Maine Domestic Violence Laws

By , Contributing Author

In Maine, an allegation of domestic violence can result in the filing of criminal charges, a complaint for a protective order, or both. Both have the potential to result in serious sanctions.

Domestic Violence Offenses

Maine law identifies several domestic violence offenses: domestic violence assault, domestic violence criminal threatening, domestic violence terrorizing, domestic violence stalking, and domestic violence reckless conduct (all explained in detail below). A conviction for any of these offenses is punished as a Class D crime, which carries up to 364 days in jail and a $2,000 fine.

If a defendant is convicted of a domestic violence offense but has a prior conviction for any of the domestic violence offenses identified in the preceding paragraph, the new conviction is punished as a Class C crime, which is punishable by up to five years in jail and a $5,000 fine. A new conviction is also a Class C crime if the defendant has one or more prior convictions for violating a condition of bail that requires the defendant to avoid contact with the victim or a potential witness to the domestic violence, or a bail condition that prohibits possession of firearms and dangerous weapons.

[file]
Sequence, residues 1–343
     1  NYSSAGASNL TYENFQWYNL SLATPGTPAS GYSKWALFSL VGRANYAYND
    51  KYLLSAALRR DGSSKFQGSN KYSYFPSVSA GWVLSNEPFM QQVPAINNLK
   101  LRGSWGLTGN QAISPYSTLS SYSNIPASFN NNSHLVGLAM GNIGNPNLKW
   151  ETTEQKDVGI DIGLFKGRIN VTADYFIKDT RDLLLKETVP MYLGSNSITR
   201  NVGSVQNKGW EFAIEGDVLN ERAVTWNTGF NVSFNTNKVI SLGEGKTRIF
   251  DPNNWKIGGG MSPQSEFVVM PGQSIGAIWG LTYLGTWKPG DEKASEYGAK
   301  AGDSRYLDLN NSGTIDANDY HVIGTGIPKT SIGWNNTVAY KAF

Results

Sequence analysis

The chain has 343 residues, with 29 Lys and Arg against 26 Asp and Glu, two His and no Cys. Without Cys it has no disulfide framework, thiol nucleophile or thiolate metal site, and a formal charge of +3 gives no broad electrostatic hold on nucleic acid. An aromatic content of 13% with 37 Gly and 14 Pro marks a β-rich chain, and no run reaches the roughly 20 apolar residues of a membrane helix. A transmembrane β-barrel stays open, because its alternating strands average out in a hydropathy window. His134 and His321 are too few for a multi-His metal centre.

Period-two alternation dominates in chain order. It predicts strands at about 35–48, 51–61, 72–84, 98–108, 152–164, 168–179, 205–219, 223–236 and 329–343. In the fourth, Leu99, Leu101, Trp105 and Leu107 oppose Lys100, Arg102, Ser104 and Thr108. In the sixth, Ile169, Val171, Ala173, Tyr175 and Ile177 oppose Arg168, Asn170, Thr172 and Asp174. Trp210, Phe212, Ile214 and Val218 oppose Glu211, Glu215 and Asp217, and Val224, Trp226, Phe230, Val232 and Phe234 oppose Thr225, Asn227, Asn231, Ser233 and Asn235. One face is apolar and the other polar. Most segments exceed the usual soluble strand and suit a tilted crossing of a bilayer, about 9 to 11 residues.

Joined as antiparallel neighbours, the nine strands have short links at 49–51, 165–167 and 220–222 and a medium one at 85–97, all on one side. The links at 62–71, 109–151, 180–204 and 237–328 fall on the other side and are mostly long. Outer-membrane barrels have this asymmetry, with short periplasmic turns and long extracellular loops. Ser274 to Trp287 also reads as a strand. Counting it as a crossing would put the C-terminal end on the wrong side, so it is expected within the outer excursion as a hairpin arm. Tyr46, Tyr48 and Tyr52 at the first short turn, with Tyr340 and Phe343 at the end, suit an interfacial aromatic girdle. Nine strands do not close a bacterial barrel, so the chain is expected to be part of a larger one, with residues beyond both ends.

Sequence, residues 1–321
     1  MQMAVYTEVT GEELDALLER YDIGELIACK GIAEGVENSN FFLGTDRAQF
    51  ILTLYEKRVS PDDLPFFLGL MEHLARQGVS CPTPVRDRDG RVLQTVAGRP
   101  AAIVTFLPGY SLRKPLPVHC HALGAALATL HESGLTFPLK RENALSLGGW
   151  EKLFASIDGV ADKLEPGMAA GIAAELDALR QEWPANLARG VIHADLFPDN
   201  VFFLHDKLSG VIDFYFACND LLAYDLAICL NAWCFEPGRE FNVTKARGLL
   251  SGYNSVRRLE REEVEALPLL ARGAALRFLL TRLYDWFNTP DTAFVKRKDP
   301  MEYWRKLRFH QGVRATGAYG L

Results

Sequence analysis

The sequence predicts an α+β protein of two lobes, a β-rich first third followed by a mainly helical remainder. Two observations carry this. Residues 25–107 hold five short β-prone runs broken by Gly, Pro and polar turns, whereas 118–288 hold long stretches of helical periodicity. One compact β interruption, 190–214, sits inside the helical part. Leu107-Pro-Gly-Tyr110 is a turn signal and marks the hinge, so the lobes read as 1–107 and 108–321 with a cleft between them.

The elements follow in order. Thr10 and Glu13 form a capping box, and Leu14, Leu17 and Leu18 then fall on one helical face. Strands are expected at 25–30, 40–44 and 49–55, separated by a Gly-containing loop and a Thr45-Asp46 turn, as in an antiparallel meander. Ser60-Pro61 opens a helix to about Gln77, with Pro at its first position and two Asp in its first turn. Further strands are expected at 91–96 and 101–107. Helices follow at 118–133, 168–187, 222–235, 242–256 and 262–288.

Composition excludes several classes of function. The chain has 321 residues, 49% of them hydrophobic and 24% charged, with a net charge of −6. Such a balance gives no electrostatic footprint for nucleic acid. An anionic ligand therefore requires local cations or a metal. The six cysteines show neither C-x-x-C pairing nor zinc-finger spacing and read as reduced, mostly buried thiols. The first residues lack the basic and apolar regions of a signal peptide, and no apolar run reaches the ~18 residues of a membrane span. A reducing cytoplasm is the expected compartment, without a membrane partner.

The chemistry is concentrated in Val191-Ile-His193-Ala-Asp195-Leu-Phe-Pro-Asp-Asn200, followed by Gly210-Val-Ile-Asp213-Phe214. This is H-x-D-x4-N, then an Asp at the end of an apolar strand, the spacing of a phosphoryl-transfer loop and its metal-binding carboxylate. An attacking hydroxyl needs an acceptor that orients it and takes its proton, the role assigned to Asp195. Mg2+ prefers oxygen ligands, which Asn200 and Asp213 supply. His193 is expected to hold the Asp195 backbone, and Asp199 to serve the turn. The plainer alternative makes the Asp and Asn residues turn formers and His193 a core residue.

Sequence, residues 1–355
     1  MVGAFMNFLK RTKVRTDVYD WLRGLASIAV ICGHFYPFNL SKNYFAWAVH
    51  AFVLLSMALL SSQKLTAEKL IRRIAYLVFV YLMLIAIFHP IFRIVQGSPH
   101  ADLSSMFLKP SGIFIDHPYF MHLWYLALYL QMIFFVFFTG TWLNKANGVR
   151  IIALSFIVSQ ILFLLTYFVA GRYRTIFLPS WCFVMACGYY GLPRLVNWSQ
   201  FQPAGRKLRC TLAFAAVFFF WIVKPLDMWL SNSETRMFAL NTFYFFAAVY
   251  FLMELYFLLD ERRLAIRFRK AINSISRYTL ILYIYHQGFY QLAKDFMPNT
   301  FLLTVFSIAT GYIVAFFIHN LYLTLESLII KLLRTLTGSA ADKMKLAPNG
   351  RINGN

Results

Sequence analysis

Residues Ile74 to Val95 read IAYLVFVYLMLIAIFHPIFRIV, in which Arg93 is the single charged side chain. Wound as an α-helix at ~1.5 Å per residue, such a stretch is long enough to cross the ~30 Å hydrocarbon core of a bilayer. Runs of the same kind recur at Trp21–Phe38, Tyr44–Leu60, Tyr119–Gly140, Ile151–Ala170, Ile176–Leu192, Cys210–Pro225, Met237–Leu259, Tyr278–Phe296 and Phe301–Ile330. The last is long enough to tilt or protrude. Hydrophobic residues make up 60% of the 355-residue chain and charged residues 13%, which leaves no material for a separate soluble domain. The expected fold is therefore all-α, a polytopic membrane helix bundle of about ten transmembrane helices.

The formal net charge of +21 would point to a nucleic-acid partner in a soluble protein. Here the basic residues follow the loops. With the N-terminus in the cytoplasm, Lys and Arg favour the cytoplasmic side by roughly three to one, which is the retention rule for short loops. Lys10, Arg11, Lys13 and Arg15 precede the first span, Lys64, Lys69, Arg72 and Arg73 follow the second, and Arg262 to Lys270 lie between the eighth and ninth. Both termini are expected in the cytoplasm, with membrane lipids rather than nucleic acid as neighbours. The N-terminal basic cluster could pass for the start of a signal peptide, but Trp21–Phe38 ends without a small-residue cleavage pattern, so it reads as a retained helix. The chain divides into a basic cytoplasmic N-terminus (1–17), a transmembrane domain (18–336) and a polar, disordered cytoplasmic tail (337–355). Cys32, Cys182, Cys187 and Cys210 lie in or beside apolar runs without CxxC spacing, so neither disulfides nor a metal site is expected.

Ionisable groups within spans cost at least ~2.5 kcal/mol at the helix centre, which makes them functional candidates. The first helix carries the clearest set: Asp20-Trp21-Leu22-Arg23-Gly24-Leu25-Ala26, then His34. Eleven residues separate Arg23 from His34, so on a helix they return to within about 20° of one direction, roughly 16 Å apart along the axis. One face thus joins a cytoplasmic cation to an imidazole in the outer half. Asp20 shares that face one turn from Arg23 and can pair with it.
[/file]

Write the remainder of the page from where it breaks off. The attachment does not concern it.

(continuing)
Assaults. A person who commits an assault against a family or household member is guilty of domestic violence assault. An assault occurs when one person intentionally, knowingly, or recklessly causes bodily injury or makes offensive physical contact with another person.

(Me. Rev. Stat. § § 17-A-207, 17-A-207A)

Domestic violence criminal threatening. This offense occurs where a person places a family or household member in fear of receiving an imminent bodily injury.

(Me. Rev. Stat. § § 17-A-209, 17-A-209A)

Domestic violence terrorizing. A person commits domestic violence terrorizing by communicating to a family or household member a threat to commit a violent crime dangerous to human life against the family or household member or against another person. In order for a person to be guilty of domestic violence terrorizing, the threat must be such that either the person to whom the threat is communicated (or the person who is threatened) reasonably fears that the crime will be committed, or the threat causes the evacuation of a building, facility, or public transportation.

(Me. Rev. Stat. § 17-A-210, 17-A-210B)